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Old April 8, 2013, 01:50 AM   #1
Nate_Sandback
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Muzzle Velocity Slower than it should be

My Muzzle velocity is seeming to be much slower than it should be.
In search for a pet load for my Remington 700 SPS in .308Win
i did a fair share of load testing, and compared to all of the reloading manuals, everything I was delivering was significantly slower than multiple reloading manuals document. Case in point, my current load i settled with due to its Sub MOA performance is a 168gr Barnes TTSX with 43.5gr of Varget loaded at 2.830" COL in Nosler Competition Brass and CCI 200 Primers, and the velocities from the last test were:

2552
2509
2477
2512
2540

The Chrony was out about 10' from the bench, temperature was probably at about 20F, Altitude is around 700, humidity was around 50%

According to the Barnes Reloading Manual and Hodgdon my muzzle velocity should be around 2650, but those are indicated loads at 2.810"
I haven't tried loading at Saami specs because the TTSX as an all copper bullet its pretty long and the ogive is pretty far back and I want to get it as close to the lands as my internal magazine allows.

The only thing I have tried so far is to strip the barrel to ensure there's no fowling slowing things down, but i am coming up short with ideas.

Has anybody else ever had this problem or any ideas how to troubleshoot or fix this? Any help is greatly appreciated, thanks!
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Old April 8, 2013, 02:12 AM   #2
steveno
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that is the trouble when you buy a chronograph as it tells you the reality of what you are loading and shooting. shooting at 20 degree ain't doing your load any favors either. fouling probably won't have any affect on velocity but could affect accuracy
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Old April 8, 2013, 04:02 AM   #3
Mike / Tx
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What is your barrel length compared to what the load book list?

If yours is 20" verses theirs at 24", there is your missing 200fps.

The other thing as mentioned above, now you know your not getting what they did, instead of being happy your shooting sub MOA groups.

After you chase your tail trying to get what they got, then you will realize that the chrony while being a valuable tool in working up loads, can make your day less interesting if your simply looking for velocity which compares to factory or book listed loads.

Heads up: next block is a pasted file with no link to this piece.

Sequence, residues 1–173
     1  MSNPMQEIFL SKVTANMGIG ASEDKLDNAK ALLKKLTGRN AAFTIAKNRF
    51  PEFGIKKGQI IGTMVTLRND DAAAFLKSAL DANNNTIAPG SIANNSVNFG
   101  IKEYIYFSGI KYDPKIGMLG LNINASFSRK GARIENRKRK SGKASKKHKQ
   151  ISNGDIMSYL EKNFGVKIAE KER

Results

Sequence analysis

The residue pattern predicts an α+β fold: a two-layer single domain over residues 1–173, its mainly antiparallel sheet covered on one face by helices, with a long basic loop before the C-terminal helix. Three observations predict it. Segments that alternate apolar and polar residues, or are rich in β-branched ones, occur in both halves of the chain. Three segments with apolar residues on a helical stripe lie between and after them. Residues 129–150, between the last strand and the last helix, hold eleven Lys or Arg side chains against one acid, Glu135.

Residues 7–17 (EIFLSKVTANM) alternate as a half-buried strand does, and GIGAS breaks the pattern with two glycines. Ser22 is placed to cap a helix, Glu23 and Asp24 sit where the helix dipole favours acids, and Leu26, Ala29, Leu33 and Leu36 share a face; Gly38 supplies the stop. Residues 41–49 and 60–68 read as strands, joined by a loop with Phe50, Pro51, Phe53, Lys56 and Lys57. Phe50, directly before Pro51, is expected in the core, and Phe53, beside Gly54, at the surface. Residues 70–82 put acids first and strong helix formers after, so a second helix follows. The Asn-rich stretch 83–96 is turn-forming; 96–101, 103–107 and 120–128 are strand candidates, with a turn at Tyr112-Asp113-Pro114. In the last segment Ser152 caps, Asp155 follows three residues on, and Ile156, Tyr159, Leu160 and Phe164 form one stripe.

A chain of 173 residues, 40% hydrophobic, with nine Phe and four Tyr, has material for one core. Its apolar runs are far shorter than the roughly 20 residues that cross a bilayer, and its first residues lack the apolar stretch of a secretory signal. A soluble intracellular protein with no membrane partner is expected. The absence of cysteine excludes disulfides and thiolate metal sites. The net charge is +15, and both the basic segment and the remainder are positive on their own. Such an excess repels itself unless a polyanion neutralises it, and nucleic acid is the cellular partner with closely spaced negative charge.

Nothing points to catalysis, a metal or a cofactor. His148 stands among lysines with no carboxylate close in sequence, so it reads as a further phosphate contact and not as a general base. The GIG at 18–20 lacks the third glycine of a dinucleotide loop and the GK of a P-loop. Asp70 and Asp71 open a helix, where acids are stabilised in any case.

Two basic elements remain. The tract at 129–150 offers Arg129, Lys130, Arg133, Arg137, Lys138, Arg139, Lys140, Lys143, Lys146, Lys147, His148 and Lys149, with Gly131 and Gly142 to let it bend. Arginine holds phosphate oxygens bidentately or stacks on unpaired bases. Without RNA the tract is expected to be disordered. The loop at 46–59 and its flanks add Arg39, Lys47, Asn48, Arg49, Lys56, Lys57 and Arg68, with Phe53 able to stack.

I have two of them and I use them to look for shot to shot variations verses actual velocity when I am working up a load. About the only time I go by the actual velocity is when I am tuning up my bow. I know for a fact what it should shoot within 30fps, and with which arrows. With rifles or handguns, if I get in the ball park I am happy. If I am shooting sub MOA groups I am tickled to death.

Concentrate on the accuracy and once you have that, start shooting it out to 3-400yds, 5-800yds and so forth. Then you can figure your actual drops, and know for certain how well the load is actually shooting.
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Old April 8, 2013, 07:02 AM   #4
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I have tested many multiple times 'duplicate' guns.
Rarely do they shoot same-lot ammo at the same speed. I've even had 5" 1911s launch the same load same time with over 85fps variation.

You are simply observing the reality of "...in MY gun..."
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Old April 8, 2013, 07:26 AM   #5
Dave P
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"there's no fowling slowing things down"

That's a good thing - besides slowing down the bullet, all those feathers can be h**l on accuracy.
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Old April 8, 2013, 07:40 AM   #6
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I ran into the exact same thing as you did with my 300WSM.